Sure, I cared that I was 60 lbs overweight and seemingly wearing permanent boy-repellant, but it didn’t consume me. I had a few close friends, a loving family, and a happy home life, which made all the difference in the world. Words, though, in all their glorious forms, allowed me to peek into a world beyond my big public high school–a place where there were more nerds like me, who saw beauty in the same things I did.

But still, I had difficulties. I wielded sarcasm and angst against those who annoyed me or trod on my fragile ego. I once asked my one of my teachers (in response to what I felt was an unreasonable request) if she wanted me “to wipe her ass for her too.” I’m not proud of this.

I cared deeply about others (OK, maybe not that particular person), but I was desperately insecure. And, my foibles had casualties.  I lost one of my best friends over an argument, which (no joke) was about the vocal prowess of Bob Dylan. We still haven’t reconciled, though I’ve tried. The situation would’ve been comic if it weren’t so utterly important to 16-year-old me.

That happened at the end of my junior year. During my senior year, I didn’t debate; I didn’t act, and life was especially tough. But, I found John Steinbeck, who got me to college where I found Kurt Vonnegut…And, really, what else do you need?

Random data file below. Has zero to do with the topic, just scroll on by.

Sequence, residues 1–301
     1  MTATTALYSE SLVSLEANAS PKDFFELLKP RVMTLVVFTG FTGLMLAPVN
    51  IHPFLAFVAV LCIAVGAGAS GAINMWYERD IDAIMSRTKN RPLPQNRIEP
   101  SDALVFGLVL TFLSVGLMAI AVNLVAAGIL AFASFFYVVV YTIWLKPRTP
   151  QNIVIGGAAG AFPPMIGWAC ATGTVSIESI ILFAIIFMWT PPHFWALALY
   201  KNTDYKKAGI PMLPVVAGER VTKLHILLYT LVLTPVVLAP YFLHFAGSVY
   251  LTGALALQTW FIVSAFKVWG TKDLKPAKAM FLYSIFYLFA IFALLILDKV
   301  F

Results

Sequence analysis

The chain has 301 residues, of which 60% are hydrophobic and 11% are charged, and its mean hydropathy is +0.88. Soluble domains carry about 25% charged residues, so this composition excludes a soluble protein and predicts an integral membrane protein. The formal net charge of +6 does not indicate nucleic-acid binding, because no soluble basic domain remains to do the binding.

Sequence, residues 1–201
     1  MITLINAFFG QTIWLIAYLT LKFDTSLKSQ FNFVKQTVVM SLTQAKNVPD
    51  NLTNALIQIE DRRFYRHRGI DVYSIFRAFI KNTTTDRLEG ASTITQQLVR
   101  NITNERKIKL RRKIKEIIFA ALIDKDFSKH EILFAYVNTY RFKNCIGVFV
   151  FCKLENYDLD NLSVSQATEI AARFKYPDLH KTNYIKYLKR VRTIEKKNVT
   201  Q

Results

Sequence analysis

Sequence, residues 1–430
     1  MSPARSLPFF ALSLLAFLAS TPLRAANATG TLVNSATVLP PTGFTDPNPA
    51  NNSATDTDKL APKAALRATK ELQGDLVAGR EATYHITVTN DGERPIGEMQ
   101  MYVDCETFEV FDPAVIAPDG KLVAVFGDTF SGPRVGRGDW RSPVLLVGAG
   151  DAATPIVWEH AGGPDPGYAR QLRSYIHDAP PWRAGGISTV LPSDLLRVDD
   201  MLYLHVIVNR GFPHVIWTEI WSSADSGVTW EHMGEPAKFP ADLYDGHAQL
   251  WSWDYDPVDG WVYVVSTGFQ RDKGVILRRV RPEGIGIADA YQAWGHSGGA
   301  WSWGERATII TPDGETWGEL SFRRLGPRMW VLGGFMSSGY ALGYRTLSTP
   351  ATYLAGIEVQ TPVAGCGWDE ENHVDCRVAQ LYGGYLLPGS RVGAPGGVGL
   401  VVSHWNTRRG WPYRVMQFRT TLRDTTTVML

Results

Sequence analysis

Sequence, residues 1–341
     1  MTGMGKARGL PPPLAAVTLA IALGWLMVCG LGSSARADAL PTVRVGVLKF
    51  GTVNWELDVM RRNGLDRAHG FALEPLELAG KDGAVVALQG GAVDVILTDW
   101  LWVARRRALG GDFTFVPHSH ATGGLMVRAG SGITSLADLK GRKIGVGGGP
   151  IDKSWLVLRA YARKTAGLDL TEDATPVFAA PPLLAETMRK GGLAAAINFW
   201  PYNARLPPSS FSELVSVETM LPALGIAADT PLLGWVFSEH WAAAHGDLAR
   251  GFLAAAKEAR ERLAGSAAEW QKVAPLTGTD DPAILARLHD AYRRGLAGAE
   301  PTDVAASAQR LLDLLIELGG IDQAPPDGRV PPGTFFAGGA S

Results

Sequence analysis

Would I be happier pantless? (and other thought provoking questions)

Let me begin by saying that my pondering of eternal pantlessness began innocently enough. It is a well-known phenomenon that dresses are a tad more forgiving of a few extra pounds than slacks are. So, I began my day by wondering if I would ever wear pants again. Really, who needs the perverse garment anyway? As a modern American woman, I can wear all sorts of things: pencil skirts, togas, Elmo costumes.

I eventually decided, however, not to eschew pants completely. Rationale: What if I one day ride a dressage horse in the Olympics? Dare to dream.

But I got to thinking…What cultural prescriptions would I give up if I were completely unencumbered by social norms?

A woefully incomplete list:

Salad forks: First, why do I need two forks? I’m not Marie Antoinette (says the woman who moments ago mused about riding a dressage horse)? Secondly, salads are the least caloric food we regularly eat (regularly is debatable, but let’s go with it). So, why would I eat it with a smaller implement? If anything, salad forks should be as giant as the mouth will allow to better approximate a normal calorie-to-forkful ratio.

Pleasantries: When I ask people how they are, I want them to know that I want a complete retelling of their physical and emotional health–I want to know about their dog, the rearrangement of their furniture, their new water ballet routine (note: not a lot of people fall into this category). And, I would like permission not to engage in conversation with everyone else…or with anyone before 9 am.

Birthdays: OK, I have a caveat here. I think people should celebrate birthdays 1-12, 16, 18 and 21. You know, the ones that you (and people who presumably love you) care about. After that, it just becomes a hollow exercise in commemorating ever-decreasing potential. At 25, Alexander the Great had conquered the world. I’ve written one blog post. Whoop-de-do.

What would you get rid of?